Lyrical, poetic, mystical are just a few of the words used to describe the music of Dulcimer who first appeared on the Progressive-Folk scene in late '60's. Discovered by the award-winning British actor, Richard Todd, playing in a Cotswold restaurant, they were signed by legendary manager, Larry Page, to launch his new Nepentha label. Upon release their debut album picked up encouraging reviews, notably in Melody Maker, who compared them favourably with Simon & Garfunkel. They were particularly well-received in the United States, Holland, Austria and even Japan, where they acquired something of a cult following. A second album was recorded but remained unreleased until years later when it appeared as a collectors’ item.
It was 1970 and we tumbled into a dream. One minute we were playing to bored diners in a Cotswold restaurant, the next we had been ‘discovered’ by actor Richard Todd and whisked off to London to be signed up by the legendary producer and impresario Larry Page, who at the time was also managing ‘The Troggs’ and ‘The Kinks’, Strange that three ‘wet-behind-the-ears’ country lads writing whimsical songs and poetry should now, albeit briefly, become stable mates with two of the biggest rock bands of that era. We drove to London in my beaten up A35 van with Jem at the wheel and instruments crammed in all around us - a motley crew. Dave and I played two of the cheapest six and twelve string guitars on the market, the dulcimer was held together by tape and will power, the mandolin had been glued back together by Dave after an unfortunate car park incident (I had reversed the van over it), while Jem seemed to be constantly wrestling with faulty leads, his temper and an under-powered treble amp for his bass guitar.
n retrospect perhaps it was these perceived instrument deficiencies which helped to give the album its unique gentle and rather fragile sound; that plus the fact that we were seriously under-rehearsed on several of the new songs which included Caravan (specially written to feature Richard Todd), Fruit of the Musical Tree and While it Lasted — fresh from Dave’s fretboard. In addition our music and ideas had developed independently, in tranquility away from the ‘London Scene’. Landsdown Studio seemed to us to be an exotic grotto of mystery and intrigue. We tuned up, while Larry and Engineer David Baker thrust microphones under our noses and twiddled knobs and dials in the Control Room. We then started to run through a few songs for, what we thought, was a sound check. This seemed to go on for some time until Larry called us in to listen to a play-back of Lisa’s Song. This was the first and only time we heard a track played back and we were amazed when Larry told us that it was ‘a wrap’ ~ but it sounded good so we didn’t argue.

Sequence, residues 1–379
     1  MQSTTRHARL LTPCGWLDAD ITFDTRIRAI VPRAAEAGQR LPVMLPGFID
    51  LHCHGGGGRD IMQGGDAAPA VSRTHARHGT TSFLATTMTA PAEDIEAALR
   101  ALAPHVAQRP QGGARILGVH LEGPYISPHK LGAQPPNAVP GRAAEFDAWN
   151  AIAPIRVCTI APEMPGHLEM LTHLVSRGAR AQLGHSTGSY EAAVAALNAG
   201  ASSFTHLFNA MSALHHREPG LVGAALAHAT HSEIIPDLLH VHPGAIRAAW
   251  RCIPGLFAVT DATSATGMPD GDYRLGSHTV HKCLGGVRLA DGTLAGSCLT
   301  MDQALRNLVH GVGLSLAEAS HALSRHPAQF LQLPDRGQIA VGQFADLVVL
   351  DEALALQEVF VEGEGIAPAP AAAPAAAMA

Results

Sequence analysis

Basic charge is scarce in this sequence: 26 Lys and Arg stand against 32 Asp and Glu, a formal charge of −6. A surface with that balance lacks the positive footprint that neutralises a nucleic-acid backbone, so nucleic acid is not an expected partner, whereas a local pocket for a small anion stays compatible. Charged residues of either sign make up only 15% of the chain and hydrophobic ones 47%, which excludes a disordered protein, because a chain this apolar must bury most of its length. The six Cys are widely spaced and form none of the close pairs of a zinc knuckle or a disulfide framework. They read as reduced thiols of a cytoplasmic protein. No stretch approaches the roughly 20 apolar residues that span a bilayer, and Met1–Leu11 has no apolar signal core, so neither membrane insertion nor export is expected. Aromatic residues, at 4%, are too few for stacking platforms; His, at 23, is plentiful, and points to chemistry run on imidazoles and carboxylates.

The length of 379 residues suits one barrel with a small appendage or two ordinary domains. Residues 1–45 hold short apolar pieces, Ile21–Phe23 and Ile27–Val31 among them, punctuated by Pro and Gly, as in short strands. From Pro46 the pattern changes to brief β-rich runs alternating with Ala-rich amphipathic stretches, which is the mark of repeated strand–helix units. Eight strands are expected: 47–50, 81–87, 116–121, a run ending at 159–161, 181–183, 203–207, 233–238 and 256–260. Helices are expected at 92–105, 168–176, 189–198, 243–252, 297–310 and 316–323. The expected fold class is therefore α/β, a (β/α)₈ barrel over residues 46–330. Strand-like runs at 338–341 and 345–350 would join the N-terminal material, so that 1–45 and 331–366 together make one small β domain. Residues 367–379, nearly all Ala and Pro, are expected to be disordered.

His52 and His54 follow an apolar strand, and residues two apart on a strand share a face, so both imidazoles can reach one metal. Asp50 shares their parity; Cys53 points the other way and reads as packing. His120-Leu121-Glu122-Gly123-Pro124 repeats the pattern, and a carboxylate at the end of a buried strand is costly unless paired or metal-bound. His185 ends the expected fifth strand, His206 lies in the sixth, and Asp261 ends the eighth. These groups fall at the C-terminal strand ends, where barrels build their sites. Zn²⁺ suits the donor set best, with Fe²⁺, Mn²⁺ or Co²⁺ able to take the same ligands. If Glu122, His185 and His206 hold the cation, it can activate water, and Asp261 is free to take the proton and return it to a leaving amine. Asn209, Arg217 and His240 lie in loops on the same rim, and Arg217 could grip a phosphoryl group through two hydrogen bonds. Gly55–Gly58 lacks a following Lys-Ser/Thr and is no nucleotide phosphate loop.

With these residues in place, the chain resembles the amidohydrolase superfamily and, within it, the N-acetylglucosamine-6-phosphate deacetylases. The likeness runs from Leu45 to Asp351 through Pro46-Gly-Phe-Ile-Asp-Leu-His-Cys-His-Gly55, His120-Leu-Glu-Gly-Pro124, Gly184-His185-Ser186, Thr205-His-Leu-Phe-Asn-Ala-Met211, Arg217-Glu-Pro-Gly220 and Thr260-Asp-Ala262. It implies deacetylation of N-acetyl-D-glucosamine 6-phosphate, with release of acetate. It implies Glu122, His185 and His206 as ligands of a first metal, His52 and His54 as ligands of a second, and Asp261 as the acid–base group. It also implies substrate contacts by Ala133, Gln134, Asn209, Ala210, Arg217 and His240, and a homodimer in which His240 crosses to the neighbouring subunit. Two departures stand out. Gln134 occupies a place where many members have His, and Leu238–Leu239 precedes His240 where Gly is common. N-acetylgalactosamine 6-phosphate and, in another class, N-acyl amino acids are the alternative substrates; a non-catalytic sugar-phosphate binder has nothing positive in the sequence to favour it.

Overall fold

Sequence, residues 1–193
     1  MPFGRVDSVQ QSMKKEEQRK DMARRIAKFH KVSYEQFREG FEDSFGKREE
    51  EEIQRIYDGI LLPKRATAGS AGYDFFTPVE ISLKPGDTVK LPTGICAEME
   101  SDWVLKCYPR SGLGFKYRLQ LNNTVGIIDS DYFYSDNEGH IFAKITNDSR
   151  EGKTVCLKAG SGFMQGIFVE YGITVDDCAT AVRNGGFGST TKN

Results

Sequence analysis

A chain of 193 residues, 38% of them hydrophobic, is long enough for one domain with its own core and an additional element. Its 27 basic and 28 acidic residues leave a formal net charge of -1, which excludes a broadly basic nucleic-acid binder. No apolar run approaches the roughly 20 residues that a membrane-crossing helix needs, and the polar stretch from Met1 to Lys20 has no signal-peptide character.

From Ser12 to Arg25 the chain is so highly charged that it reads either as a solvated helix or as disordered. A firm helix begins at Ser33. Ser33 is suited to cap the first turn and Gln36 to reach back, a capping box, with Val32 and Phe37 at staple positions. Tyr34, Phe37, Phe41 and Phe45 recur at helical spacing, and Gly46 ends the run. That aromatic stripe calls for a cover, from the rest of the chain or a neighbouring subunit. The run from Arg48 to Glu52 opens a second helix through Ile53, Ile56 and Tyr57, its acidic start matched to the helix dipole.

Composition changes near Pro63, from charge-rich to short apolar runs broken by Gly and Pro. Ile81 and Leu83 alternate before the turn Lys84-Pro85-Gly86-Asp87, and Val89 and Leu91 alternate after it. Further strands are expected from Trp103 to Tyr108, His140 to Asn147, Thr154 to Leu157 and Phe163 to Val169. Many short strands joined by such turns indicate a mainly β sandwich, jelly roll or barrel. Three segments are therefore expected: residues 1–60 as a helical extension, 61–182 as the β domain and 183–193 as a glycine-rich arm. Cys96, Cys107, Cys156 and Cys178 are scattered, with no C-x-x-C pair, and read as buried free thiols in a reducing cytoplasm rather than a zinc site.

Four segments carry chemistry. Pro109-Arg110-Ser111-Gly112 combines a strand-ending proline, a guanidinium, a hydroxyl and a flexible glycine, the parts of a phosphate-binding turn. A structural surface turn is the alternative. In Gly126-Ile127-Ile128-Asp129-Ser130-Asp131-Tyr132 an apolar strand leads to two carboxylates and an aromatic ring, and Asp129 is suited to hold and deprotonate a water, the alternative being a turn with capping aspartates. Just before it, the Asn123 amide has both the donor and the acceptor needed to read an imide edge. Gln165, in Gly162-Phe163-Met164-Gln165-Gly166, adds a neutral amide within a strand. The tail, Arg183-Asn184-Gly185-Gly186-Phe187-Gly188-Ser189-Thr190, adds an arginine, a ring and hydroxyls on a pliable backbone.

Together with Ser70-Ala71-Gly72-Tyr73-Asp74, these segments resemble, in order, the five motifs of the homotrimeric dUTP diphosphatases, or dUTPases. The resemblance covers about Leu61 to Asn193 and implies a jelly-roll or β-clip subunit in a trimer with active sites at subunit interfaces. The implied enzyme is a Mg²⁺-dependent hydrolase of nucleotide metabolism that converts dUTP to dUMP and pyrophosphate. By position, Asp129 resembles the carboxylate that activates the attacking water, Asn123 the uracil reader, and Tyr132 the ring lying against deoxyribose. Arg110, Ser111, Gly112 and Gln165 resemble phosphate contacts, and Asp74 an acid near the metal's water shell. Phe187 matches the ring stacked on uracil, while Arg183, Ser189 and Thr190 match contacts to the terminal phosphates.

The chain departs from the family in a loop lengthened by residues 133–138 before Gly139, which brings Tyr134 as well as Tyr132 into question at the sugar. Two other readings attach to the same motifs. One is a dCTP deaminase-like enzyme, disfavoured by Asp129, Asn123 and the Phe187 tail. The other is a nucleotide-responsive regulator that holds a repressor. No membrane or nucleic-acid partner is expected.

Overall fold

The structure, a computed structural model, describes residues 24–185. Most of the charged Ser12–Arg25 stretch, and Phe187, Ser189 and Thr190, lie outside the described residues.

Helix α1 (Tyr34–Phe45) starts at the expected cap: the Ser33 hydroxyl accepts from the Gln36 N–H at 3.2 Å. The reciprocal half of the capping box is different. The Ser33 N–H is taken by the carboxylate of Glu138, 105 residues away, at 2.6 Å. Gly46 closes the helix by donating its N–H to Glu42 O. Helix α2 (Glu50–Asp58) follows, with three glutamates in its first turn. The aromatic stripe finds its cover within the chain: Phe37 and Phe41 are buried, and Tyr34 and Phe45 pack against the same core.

In retrospect this was a very perceptive and clever ruse on Larry’s part to coax a relaxed performance out of us and it gave us confidence for the rest of the recording session. In fact Lisa’s Song was released as the US single. Thereafter Larry’s role as producer mainly consisted of the command ‘Next’ or the request ‘Anything else lads?’ We just kept going and must have put down fifteen or sixteen songs in that one marathon session. Twelve of them ended up going onto the album but the rest are gathering dust somewhere on the shelves of ‘not-to-be’. The majority of the songs were completed in one take and there were no over dubs - just a frenetic swapping of instruments. We were keen to experiment in this new environment but Larry insisted that we kept things simple and natural — he was right again.
Throughout the 1970s Dave and I continued writing, gigging and recording, including several projects at Muff Murfin’s ‘Old Smithy Studios’ in Worcestershire. We tried our hand at more commercial (or so we thought) big production numbers and even a ‘concept’ album with local author Fred Archer entitled A Land Fit for Heroes. Unfortunately, by the time the album was ready for release Fred had moved South and Dave and I had gone our separate ways, so the possibilities for promoting it were, to say the least, somewhat limited!
Late in the decade, and into the 1980s, Dave I and would still get together spasmodically for some recording projects with our old friend Dave Hazelwood at a studio in Leicester. Then in the early 1990s, after being ‘re-discovered’ by President Records, we re-grouped and produced three CDs with Rob Savage at his ‘Ghosts and Nightingales’ Studio in Droitwich, where we were joined by Andrea Blythe and multi-instrumentalist Mike Hooper. Dave and I even collaborated on a musical, “Seeds on the Wind”, based on the short life of Anne Frank. Sadly, although a single recording exists, we never had Andrew Lloyd-Webber worried.
by Peter Hodge
1. Sonnet To The Fall (Pete Hodge) - 3:49
2. Pilgrim From The City (Dave Eaves) - 3:08
3. Morman's Casket - 4:27
4. Ghost Of The Wandering Minstrel Boy (Pete Hodge) - 3:09
5. Gloucester City (Pete Hodge) - 2:52
6. Starlight (Dave Eaves) - 2:56
7. Caravan - 8:19
8. Lisa's Song (Dave Eaves) - 2:59
9. Time In My Life - 2:54
10.Fruit Of The Musical Tree - 2:37
11.While It Lasted (Dave Eaves) - 4:19
12.Suzanne - 3:36
All songs by Dave Eaves, Pete Hodge except where noted
*Dave Eaves - Lead Vocals, Harmonica, Acoustic, Twelve-String Guitar
*Pete Hodge - Vocals, Harmonica, Mandolin, Dulcimer, Twelve-String, Acoustic Guitar
*Jem North - Bass, Glockenspiel, Percussion, Coconuts, Wind, Vocals
*Richard Todd - Poetry Spoken